“Words matter” is a buzz phrase tossed around frequently these days, and remarks yesterday by our clueless, callous, boorish and shockingly unpresidential president shined neon lights on the phrase when he referred to Haiti and African nations as “sh*thole countries.”

But I digress even before getting started. This is not a political commentary. Rather, it is  an attempt to show that, while words do indeed matter, the ways in which they’re used can add to, or detract from, their value and/or understanding.

Misplaced modifiers, for example, can leave the reader scratching hiser head – which you likely are doing over the nonword “hiser.” (Bear with me: It’s my gender-neutral pronoun to avoid the plural “their” or “they” when referring to a singular antecedent of unknown gender. There are four: “hesh” for he or she; “herm” for him or her; “hiser” for his or her; and “hisers” for his or hers.)

Excuse me. Did I say something about digressing? Ah yes, misplaced modifiers. The caption for a photo of an injured Miami Dolphins player read: “Linebacker Raekwon McMillan’s rookie year ended quickly after blowing out a knee on the first play of preseason.” Interesting. The rookie year blew out a knee. Huh? Oh, wait a minute: Raekwon McMillan blew out a knee. But that’s not what that sentence said. Try this: “Linebacker Raekwon McMillan’s rookie year ended quickly after he blew out a knee … .” Now the sentence makes sense.

Conversation  conservation

In the use of words, less is more – more or less; the dictum doesn’t apply in all instances. Actually, I suppose that in the case of words, the admonition should be “fewer is more.” Is that right? Fewer are more? Geez, now you got me all confused. What I’m trying to say is that redundancy of written or verbal expression is not a good thing.

To wit: A column in the Palm Beach Post suggests that it’s easy to spot “two wildly dangerous drivers on Interstate 95 in any given hour … .” It apparently didn’t occur to the writer that “any given hour” is the same as “any hour” or “a given hour.” The same logic failed a writer for the New York Times when he – I assume Dalsuke is a male name, but maybe not – when hesh penned, “On any given day, something crazy is likely to be happening at 1600 Vine St. … .”

Here’s another instance of too many words. In a promotional email, crypto-currency expert Adam Sharp – or rather, his copywriter – wrote, “And people are always skeptical about new innovations.” Okay – so what is an innovation? Webster’s New World College Dictionary defines it thusly: “something newly introduced; new method, custom, device, etc.” In other words (since that’s what we’re talking about), an innovation is something new. You don’t need to call it new, Mr. or Ms. (Mst., Msr.?) copywriter. It’s already new and doesn’t need to be told so. Sheesh!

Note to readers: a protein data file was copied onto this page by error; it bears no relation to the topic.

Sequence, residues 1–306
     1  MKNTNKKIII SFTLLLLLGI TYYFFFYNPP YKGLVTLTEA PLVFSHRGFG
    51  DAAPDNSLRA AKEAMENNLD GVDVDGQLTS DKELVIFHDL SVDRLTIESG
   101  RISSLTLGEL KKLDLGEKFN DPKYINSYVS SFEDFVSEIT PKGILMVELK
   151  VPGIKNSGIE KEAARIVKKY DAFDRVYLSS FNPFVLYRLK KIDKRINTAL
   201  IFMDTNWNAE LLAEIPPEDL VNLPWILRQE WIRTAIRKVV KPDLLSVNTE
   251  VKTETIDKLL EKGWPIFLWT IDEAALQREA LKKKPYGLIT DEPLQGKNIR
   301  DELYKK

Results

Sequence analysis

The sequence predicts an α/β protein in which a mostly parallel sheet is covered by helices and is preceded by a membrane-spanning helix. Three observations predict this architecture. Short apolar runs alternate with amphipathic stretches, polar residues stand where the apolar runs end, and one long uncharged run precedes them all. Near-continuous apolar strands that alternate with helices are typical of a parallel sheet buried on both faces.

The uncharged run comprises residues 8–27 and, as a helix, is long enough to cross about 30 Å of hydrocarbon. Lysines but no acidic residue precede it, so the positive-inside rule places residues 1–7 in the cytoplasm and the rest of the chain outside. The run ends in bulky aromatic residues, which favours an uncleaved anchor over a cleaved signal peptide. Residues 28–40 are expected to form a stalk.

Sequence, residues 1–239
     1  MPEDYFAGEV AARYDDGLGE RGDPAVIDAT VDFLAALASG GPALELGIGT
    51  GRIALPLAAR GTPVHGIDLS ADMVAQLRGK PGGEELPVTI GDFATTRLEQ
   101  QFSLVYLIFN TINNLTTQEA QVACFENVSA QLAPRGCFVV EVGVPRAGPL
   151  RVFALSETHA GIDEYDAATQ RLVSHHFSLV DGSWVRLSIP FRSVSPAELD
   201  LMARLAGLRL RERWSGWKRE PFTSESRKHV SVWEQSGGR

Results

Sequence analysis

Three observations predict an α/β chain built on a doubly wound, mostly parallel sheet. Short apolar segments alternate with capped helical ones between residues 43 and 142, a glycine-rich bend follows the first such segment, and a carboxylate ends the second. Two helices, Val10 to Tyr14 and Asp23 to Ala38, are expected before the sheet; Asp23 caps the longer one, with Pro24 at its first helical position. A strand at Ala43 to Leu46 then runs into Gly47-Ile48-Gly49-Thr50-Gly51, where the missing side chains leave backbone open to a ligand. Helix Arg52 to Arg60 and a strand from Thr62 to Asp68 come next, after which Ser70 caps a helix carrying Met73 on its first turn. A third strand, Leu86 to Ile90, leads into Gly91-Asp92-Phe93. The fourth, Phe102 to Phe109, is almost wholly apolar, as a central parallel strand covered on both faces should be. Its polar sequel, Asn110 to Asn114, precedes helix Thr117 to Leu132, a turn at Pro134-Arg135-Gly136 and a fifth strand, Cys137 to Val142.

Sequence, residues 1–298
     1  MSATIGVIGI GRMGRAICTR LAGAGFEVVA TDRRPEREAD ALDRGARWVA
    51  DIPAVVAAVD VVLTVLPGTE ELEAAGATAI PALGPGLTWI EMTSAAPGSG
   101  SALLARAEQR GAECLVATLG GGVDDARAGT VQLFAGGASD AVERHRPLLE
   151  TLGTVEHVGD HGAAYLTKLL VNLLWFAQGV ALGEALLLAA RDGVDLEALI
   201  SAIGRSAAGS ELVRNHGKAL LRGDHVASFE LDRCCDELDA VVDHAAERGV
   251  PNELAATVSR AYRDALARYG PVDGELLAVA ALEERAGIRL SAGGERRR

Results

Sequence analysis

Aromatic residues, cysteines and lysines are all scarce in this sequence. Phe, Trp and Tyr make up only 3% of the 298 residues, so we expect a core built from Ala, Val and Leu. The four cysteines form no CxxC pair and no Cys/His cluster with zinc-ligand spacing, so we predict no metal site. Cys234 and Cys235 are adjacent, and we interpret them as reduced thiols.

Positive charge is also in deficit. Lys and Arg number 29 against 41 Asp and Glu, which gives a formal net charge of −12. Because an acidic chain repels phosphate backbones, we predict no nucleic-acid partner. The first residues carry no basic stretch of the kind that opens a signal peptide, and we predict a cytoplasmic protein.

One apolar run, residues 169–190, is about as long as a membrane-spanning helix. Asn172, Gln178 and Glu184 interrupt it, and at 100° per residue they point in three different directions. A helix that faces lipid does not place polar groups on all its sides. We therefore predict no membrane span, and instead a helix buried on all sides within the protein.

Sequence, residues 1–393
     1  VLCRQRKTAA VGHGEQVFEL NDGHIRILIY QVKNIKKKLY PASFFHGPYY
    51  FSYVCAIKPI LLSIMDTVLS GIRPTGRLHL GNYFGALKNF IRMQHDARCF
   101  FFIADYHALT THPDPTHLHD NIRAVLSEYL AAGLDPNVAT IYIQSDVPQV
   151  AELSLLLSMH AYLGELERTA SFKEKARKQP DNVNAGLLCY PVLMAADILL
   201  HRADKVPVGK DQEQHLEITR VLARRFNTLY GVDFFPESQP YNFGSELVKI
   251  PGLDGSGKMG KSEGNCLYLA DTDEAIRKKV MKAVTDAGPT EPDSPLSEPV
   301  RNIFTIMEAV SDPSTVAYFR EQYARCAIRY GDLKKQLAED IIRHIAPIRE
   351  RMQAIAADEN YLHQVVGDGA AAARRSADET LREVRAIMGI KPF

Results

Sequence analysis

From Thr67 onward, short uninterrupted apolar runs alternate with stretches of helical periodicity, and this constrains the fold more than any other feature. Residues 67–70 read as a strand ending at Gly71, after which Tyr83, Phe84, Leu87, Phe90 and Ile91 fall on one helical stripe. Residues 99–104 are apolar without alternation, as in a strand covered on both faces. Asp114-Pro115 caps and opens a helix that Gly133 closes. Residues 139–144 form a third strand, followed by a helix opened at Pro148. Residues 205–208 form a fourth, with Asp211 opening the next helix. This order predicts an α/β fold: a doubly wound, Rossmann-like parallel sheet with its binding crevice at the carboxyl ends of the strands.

But alas (or alad), a paucity of words also can force a reread (I didn’t stutter; that’s a noun – I think). In such an instance, more is more. I refer specifically to the failure to insert the conjunction “and” or “or” after the last item in a series, preceding the second part of a compound sentence. Whew! Did you get that? Examples are in order:


An online report said toxicology studies of activated charcoal showed: “Ingesting high dosages does not interfere with sleep, appetite, or cause any major problems.” Oy veh. That’s two sentences in one, with two verbs: “interfere” and “cause.” The items “sleep” and “appetite” must be joined by the conjunction “or” to show the first sentence, or clause, has ended: “Ingesting high dosages does not interfere with sleep OR appetite, or cause any major problems.”

Here’s a doozy. “A study in the Journal of Neurotrauma found that for military veterans who have suffered traumatic stress, depression and have thoughts of suicide, just one month of HBOT improved brain blood flow, cognition, lessened trauma symptoms, and improved their quality of life.” Wow! That’s a trifecta. No, it’s a sexfecta – or something like that (didn’t mean to get pornographic). That one sentence contains six verbs: “found,” “suffered,” “have,” “improved,” “lessened,” and “improved” again. It’s so compounded that the reader is confounded. It has more clauses than a legal document.

I won’t even bother with parsing that monstrosity, which would require an awful lot of – well, words. Suffice it to say that the same principle arising from the ashes of the activated charcoal sentence applies to the multi-verbed (I just made “verb” an adjective) Journal sentence – that is, sentences. Let’s break that conglomerated mess into two separate sentences, insert the necessary conjunctions, and do a little revising: “A study in the Journal of Neurotrauma found that for military veterans who have suffered traumatic stress and depression, and have thoughts of suicide, just one month of HBOT helped their condition. They experienced improvement in brain blood flow and cognition, lessened trauma symptoms, and improved quality of life.”

My folder has four more examples where more would be more, but I’ll save those for another day. By now your brain is probably as saturated as mine.